An electronic newsletter of the Coalition's Center for Rehabilitation and Recovery
The Center for Rehabilitation and Recovery provides assistance to the New York City mental health provider community through expert trainings, focused technical assistance, evaluation, information dissemination and special projects.
Malcolm, 37, was living alone in supported housing. Although he was often lonely, he loved the freedom that came from having an apartment of his own. He had started thinking about finishing his GED, and maybe someday getting a job. But what was most on Malcolm's mind? From the first time he sat down with his counselor, he was clear: he wanted a girlfriend. But he wasn’t sure that it would ever be possible for him to have a relationship.
“Many of our participants lack self-esteem and confidence, particularly around dating,” says Rori Crosson, LCSW, Director of the Harlem Bay Network PROS (Personalized Recovery-Oriented Services). “They don’t believe another person will think they are worth caring about, and that may be the biggest barrier to finding a significant other. So we start there – we work together with participants to identify their strengths to build their self-image. And we work on communication and relationship skills to improve their interactions with potential partners.”
Like many PROS programs, Harlem Bay Network is well-versed in encouraging romance. In addition to classes on topics such as self-esteem, self-advocacy, and social skills, the program offers an abundance of classes covering all aspects of dating. “A Date on the Weekend” focuses on flirting and other skills important in the early stages of a relationship. “Building Personal and Intimate Relationships” looks at strengthening interactions for people more deeply involved with a significant other – communication skills, conflict resolution, and the art of negotiation. Other classes focus on themes such as grooming and hygiene, local options for dates, and even basic skills such as making a good first impression.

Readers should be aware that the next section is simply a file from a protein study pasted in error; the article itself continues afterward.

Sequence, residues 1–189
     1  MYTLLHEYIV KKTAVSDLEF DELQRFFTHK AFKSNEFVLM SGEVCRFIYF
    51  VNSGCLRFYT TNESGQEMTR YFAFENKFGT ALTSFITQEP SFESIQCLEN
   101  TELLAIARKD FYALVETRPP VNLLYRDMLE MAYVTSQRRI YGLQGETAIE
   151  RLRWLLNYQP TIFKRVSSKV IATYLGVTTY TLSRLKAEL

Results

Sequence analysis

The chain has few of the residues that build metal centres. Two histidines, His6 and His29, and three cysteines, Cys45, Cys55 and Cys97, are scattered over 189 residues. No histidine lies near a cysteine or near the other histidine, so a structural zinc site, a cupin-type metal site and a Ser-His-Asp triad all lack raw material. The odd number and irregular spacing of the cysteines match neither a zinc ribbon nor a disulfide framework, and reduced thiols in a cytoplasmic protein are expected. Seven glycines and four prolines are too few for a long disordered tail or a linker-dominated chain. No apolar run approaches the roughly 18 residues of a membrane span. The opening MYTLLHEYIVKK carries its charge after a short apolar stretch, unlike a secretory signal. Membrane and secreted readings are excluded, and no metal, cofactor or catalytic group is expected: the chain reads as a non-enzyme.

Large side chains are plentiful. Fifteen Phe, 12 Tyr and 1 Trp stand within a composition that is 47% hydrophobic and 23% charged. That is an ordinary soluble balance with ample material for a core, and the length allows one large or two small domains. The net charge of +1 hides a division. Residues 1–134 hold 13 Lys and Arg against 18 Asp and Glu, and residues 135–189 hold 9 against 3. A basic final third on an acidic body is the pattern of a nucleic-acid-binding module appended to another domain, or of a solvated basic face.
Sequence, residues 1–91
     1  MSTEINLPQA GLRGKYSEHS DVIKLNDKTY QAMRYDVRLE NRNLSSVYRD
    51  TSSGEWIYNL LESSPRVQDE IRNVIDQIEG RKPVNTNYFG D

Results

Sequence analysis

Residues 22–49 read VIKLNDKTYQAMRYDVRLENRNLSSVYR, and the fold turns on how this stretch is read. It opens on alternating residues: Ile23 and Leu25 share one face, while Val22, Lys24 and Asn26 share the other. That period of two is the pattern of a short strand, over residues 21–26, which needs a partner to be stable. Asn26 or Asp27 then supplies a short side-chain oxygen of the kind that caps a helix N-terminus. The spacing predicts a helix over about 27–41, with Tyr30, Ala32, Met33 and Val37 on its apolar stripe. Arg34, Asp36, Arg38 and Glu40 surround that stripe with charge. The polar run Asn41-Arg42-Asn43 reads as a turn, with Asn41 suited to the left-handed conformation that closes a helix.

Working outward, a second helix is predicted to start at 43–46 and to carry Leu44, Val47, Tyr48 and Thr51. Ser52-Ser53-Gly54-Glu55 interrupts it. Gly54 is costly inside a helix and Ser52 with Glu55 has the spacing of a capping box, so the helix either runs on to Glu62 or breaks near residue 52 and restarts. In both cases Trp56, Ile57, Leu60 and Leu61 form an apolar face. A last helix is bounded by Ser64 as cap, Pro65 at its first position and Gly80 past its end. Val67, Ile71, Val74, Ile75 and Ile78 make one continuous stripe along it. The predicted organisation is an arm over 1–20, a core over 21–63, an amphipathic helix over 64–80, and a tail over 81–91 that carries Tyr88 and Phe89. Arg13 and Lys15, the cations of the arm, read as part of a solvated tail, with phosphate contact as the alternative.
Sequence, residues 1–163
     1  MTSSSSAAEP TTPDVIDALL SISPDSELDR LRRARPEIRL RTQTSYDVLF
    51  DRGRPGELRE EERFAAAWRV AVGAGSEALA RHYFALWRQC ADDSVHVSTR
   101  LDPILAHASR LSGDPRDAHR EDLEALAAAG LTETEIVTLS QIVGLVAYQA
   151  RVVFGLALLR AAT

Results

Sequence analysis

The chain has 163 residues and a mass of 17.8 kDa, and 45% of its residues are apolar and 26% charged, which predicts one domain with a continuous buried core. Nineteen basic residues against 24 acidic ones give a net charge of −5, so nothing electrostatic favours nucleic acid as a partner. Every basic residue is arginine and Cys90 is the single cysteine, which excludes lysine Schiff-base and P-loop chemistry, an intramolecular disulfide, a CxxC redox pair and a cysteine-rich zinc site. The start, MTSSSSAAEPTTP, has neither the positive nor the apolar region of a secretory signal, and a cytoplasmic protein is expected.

“Our counselors focus on what is important to each of our participants,” says Ms. Crosson. “For example, if a participant has a personal or familial history of interpersonal violence, we might recommend, ‘I’m a Survivor!’ Or we work with the participant to learn to monitor relationships to make sure problems encountered in the family of origin are not repeated.”
Even if program participants have no history of trouble in relationships, counselors encourage participants to evaluate their romantic relationships. Do they support recovery? Do they make participants feel good about themselves? “Sometimes participants are so excited about being in love, they forget to look at the impact of the relationship on their lives,” says Ms. Crosson. “We want participants to ask whether their partner supports their healthy lifestyle, and their recovery. Of course we cheer for them when they get the date. That’s an extremely important first step. But we also want them to go past the first date to have a healthy, satisfying relationship that will support their recovery.”
Our loving long-distance relationship was about five years old when, for no good reason, the black lady (depression) knocked on my door and knocked me out. I was hospitalized against my will. I was suicidal and in the locked ward.